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Cleveland County school board to keep moment of silence at meetings

Cleveland County Board of Education hears from the school system’s attorney about prayer at the start of board meetings.
Cleveland County Board of Education hears from the school system’s attorney about prayer at the start of board meetings. WBTV

A divided Cleveland County School Board voted 8-2 Monday night to continue opening its meetings with a moment of silence, not prayers.

But the board said it will get policy and procedure recommendations from the superintendent and legal team in time for a meeting on Nov. 9. That could involve looking into what the board would have to do to have prayer at the meetings, multiple media outlets reported.

Members from the Cleveland County Christian Law Enforcement Association addressed the group about praying before every school board meeting.

It’s time for Christians to stand up.

Cleveland County Sheriff’s Capt. Joel Shores

The conversation began when officers talked at one of their gatherings and found out every governmental entity in Cleveland County prays before its meeting except the school board.

“We think God should be in our lives,” Cleveland County Sheriff’s Capt. Joel Shores said. “And in everything we do. And we are seeing these progressives try to slowly remove everything that what we feel our forefathers fought for.”

Shores told WBTV he believed the moment of silence already observed is not good enough. “It’s time for Christians to stand up,” Shores said.

This issue is not new. It has been brought up before, but the school board has not taken the matter up before Monday. Cleveland County School Board Chair Phillip Glover said the board decided to do a moment of silence so lawsuits wouldn’t come their way.

“With all the budget issues that we have,” Glover said, “could you justify spending that kind of money to fight a fight that you probably won't win anyhow with the high courts?”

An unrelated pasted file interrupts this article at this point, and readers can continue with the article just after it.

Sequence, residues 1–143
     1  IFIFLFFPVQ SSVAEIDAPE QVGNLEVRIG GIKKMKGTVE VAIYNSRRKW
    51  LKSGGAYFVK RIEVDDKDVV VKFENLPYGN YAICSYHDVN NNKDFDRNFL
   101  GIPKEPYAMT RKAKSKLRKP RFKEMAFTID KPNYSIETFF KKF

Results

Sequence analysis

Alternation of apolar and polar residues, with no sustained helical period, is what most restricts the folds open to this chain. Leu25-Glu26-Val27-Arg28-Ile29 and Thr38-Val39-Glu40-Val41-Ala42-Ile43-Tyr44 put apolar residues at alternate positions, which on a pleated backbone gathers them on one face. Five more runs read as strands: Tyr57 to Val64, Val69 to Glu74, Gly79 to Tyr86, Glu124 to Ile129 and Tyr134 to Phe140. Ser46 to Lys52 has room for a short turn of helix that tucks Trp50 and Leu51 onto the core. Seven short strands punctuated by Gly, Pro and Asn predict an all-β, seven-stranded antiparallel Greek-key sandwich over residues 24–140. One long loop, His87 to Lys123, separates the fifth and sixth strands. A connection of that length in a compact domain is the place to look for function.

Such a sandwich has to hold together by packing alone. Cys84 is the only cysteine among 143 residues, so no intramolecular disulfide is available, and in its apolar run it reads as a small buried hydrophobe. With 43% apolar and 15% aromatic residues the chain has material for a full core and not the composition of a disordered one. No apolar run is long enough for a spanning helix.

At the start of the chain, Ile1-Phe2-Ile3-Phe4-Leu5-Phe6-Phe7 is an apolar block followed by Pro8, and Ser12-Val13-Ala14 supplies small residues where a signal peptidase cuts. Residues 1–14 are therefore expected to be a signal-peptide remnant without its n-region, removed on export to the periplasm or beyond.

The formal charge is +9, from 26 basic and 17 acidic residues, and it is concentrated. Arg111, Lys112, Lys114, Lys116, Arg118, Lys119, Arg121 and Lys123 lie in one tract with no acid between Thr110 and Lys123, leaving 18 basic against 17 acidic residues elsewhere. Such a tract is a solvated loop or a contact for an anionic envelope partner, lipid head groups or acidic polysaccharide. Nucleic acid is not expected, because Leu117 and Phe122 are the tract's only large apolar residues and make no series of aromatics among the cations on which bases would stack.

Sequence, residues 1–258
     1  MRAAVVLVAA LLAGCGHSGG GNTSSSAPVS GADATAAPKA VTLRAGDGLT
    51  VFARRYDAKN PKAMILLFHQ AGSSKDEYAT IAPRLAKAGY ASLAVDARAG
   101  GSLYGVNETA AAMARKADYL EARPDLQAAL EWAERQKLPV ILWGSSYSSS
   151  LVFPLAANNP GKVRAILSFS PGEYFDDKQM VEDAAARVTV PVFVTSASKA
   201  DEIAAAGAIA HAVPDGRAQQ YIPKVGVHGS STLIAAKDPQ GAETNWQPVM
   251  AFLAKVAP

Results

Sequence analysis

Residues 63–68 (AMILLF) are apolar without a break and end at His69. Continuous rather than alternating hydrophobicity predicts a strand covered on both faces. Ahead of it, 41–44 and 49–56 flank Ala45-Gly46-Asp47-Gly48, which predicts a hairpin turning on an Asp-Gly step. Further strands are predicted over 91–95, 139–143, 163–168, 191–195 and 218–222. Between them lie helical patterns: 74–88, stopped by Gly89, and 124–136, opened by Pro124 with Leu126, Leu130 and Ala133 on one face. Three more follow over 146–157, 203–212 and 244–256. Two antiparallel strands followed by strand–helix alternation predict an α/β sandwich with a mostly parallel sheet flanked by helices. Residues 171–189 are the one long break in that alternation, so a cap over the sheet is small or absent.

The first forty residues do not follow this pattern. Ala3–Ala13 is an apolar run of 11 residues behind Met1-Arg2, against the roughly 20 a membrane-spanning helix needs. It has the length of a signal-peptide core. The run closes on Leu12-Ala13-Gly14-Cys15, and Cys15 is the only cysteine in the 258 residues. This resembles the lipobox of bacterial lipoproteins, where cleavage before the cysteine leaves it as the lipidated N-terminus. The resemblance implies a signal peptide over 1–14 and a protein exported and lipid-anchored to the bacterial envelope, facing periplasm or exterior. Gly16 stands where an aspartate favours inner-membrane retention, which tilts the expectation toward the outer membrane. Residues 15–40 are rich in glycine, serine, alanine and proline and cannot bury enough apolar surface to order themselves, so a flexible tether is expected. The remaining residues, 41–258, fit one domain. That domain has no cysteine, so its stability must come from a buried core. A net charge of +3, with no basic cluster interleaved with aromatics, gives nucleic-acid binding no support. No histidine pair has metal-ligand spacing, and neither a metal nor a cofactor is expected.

School board member Danny Blanton told WBTV he believed prayer should override lawsuits.

“If we get a lawsuit brought against us for having prayer and praying for our children and our schools, and our teachers – then bring that lawsuit on,” he said.

Cleveland County Sheriff Alan Norman was also backing prayer. He posted a letter about it to his Facebook page. He told WBTV he did not write the note.

The letter is from the Cleveland County Christian Law Enforcement Association. It reads, “If any Board needs to have God in their presence when making decisions it should be our school board.”

The American Civil Liberties Union also weighed in. In an email to WBTV, the ACLU stated: “Public school board meetings should be open and welcoming to students and residents of all beliefs. Cleveland County’s school board shouldn’t get into the divisive and legally problematic business of favoring one person’s religious views over others.

“Our office has been contacted by concerned county residents who rightfully believe that opening school board meetings with prayers could make students or residents of different beliefs feel unwelcome or pressured into participating in a religious activity with which they don't agree,” the email continued.

Shores told WBTV that local churches have told him they would help with legal assistance if needed.

The Associated Press contributed

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